Austin College historian Jacqueline M. Moore has written a new book that will be celebrated with a launch gala to be held on Tuesday, December 1, 2009 at 4:30 pm in Room 201 of the Administration Building on the campus.This book talk and signing is being sponsored by the Johnson Center for Liberal Arts Learning and Scholarship at the college as part of its Tuesday Afternoon Series. Professor Moore will talk about her research, cover the main points of the book, and sign copies which will be available for purchase at the event. Entitled “Cow Boys and Cattle Men: Class and Masculinities on the Texas Frontier, 1865-1900,” her book has been published by the New York University Press in cooperation with the William P. Clements Center for Southwestern Studies at Southern Methodist University. Professor Moore recently spent a year at the Clements Center as a research fellow during which time she researched this volume. Her research involved extensive travel to archives and libraries across the southwest.

This volume has the potential to become one of the most important historical studies ever written on the Texas cowboy. As the NYU press announcement of this book notes: “Jacqueline M. Moore casts aside romantic and one-dimensional images of cowboys by analyzing the class, gender, and labor histories of ranching in Texas during the second half of the nineteenth century.”

Erwin Smith image courtesy Library of Congress

Jacqueline M Moore, right, examines how late nineteenth century concepts of masculinity were manifested in the lives of the men who worked as cowboys, most of whom were young in their late teen and twenties. She contrasts their lives with those of the cattlemen who employed the cowboys, examining the history they produced in terms of the interrelationship between myth and reality.This book is already garnering advance praise from scholars and historians. Walter Nugent of Notre Dame University, and a former President of the Western History Association, says: "Moore, a historian who knows her sources and how to squeeze them, lays clear the many shapes masculinity took among Gilded-Age Texas cattlemen and cowboys. Hers in an in-depth look at their mindsets and behaviours." This book answers the question: "How did cowboys change from manly doers to marginal juveniles, and finally, to the mythic idols of recent times."

Read more about the book at the New York University Press website. Click here.

Sunday, November 15, 2009

The New Edition of the Texas Almanac, 2010-2011

The new edition of the Texas Almanac 2010–2011 has now debuted and is available for purchase. It is currently on sale in stores throughout Texas and from booksellers across the nation. This edition constitutes a landmark in the venerable history of the Almanac because this is the first edition published by the Texas State Historical Association, which has taken over publication from the Dallas "Morning News," its previous publisher. The Almanac is published in a new, revised edition every two years. The Almanac can be ordered online directly from the historical association by clinking this link. Headquartered on the campus of the University of North Texas in Denton, the Texas State Historical Association is the oldest learned society in Texas. It publishes the “Southwestern Historical Quarterly,” sponsors an annual state history conference, and maintains a very active education program benefitting students throughout the state.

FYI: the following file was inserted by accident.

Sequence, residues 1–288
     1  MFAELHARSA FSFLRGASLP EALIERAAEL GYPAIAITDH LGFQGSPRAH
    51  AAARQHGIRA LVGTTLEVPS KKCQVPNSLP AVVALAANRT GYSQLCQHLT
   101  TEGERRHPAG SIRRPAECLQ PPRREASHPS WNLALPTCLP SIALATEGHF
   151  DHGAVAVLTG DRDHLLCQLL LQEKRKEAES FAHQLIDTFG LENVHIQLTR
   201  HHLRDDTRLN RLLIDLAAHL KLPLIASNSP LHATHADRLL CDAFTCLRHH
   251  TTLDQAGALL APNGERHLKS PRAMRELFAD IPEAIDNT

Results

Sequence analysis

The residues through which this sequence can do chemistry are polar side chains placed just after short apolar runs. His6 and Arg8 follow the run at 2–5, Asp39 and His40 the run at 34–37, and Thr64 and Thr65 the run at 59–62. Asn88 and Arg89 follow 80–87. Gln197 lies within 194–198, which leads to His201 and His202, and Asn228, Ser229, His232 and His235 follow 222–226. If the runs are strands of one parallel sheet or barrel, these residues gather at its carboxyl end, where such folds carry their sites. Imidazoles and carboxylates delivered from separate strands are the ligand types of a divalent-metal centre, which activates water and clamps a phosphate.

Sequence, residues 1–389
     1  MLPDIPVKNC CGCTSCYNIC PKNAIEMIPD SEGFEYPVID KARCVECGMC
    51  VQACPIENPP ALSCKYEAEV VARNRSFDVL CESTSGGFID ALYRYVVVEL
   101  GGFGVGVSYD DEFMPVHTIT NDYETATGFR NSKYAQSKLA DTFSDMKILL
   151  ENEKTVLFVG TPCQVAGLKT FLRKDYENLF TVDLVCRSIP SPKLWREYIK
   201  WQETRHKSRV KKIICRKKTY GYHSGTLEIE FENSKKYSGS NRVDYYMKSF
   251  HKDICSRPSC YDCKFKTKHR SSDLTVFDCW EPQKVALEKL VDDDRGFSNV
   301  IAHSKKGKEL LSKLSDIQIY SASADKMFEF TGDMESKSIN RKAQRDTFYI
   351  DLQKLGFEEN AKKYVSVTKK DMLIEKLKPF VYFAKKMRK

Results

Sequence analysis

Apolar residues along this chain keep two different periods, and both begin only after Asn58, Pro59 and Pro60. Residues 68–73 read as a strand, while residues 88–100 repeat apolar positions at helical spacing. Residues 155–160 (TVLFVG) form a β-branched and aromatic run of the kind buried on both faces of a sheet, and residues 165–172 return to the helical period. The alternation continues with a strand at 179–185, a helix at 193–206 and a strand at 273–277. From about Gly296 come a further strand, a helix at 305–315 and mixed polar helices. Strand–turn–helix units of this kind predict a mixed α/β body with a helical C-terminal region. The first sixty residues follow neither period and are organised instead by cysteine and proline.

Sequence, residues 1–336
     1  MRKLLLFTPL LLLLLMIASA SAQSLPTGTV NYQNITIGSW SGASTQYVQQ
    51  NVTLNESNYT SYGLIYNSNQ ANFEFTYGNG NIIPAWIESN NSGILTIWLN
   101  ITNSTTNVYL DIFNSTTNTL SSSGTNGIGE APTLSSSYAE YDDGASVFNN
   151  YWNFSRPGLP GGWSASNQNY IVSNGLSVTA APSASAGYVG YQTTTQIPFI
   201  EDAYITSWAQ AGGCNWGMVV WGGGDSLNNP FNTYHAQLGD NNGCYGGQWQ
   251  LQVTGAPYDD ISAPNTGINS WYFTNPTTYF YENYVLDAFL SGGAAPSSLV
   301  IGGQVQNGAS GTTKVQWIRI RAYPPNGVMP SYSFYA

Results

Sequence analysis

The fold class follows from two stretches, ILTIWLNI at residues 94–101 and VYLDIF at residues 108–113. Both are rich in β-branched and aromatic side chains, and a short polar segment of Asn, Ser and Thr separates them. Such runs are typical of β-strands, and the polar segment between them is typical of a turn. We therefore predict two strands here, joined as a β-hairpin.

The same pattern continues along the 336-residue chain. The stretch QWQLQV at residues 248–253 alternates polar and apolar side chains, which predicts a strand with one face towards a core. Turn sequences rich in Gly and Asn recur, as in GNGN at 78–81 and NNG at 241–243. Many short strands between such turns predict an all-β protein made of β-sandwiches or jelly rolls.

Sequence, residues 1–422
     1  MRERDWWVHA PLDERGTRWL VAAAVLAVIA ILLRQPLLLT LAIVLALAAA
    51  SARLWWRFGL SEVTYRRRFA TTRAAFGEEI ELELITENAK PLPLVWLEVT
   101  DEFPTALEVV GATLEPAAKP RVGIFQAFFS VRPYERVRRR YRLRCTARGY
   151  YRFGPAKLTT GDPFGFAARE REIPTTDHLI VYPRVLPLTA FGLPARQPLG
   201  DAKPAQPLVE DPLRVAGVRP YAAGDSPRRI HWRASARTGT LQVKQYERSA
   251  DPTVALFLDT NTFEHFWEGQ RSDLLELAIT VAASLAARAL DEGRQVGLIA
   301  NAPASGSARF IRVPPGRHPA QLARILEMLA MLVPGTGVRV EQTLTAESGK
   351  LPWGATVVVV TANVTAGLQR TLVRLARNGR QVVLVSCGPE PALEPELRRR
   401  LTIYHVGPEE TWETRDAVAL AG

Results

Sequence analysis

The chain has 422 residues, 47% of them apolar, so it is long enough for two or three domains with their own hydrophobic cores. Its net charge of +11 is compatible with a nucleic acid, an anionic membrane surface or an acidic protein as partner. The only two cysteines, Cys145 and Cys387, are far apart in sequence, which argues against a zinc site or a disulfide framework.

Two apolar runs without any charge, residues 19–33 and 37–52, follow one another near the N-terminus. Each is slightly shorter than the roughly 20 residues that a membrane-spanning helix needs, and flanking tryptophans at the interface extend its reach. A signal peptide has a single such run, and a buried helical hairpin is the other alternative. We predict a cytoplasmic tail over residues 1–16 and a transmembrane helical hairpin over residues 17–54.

A&M Press Director Charles Backus (left) and TSHA Director Kent Calder (right)
Yesterday, the board of directors of the Texas State Historical Association marked this event by meeting with the staff of the Texas A&M University Press at its publishing offices in the John H. Lindsay Building on the College Station campus. The Texas A&M University Press Consortium will distribute the Almanac for the historical association.

Gayla Christiansen talks with TSHA Board
Members of the historical association board celebrated this event with the press staff at a special luncheon. Texas A&M Press director Charles Backus welcomed the TSHA board and outlined the role that his organization will have in advancing distribution of the new edition of the Texas Almanac. Gayla Christiansen, marketing manager, hosted a tour of the press headquarters.

This is the most comprehensive edition in the history of the Almanac, which began in 1857, making it one of the oldest continuous such publications in the nation. This new edition gives a full exposition of Texas history and government; sports and recreation; business; science and heath, and education, along with the status of culture, the arts and religion in the Lone Star state. As a publicity notice for the Almanac notes, “With 295 color maps and 342 color photographs from every corner of the Lone Star State, the reader can take a trip across Texas from the comfort of one's own home. For the traveler, the myriad maps show the way to towns of all sizes, as well as to landmarks, lakes, rivers, parks and back roads.”

"This edition of the Texas Almanac is the largest, most colorful Almanac we have published yet," said Editor Elizabeth Alvarez. "Plus, the comprehensive Table of Contents and Indexes make finding information so easy."

Order a copy here

Monday, November 9, 2009

Red River War Symposium, November 7, Panhandle Plains Historical Museum

Panelists, l. to r., Tiffany Osborn, Daniel Gelo, Light Cummins, Donald Frazier, J. Brett Cruse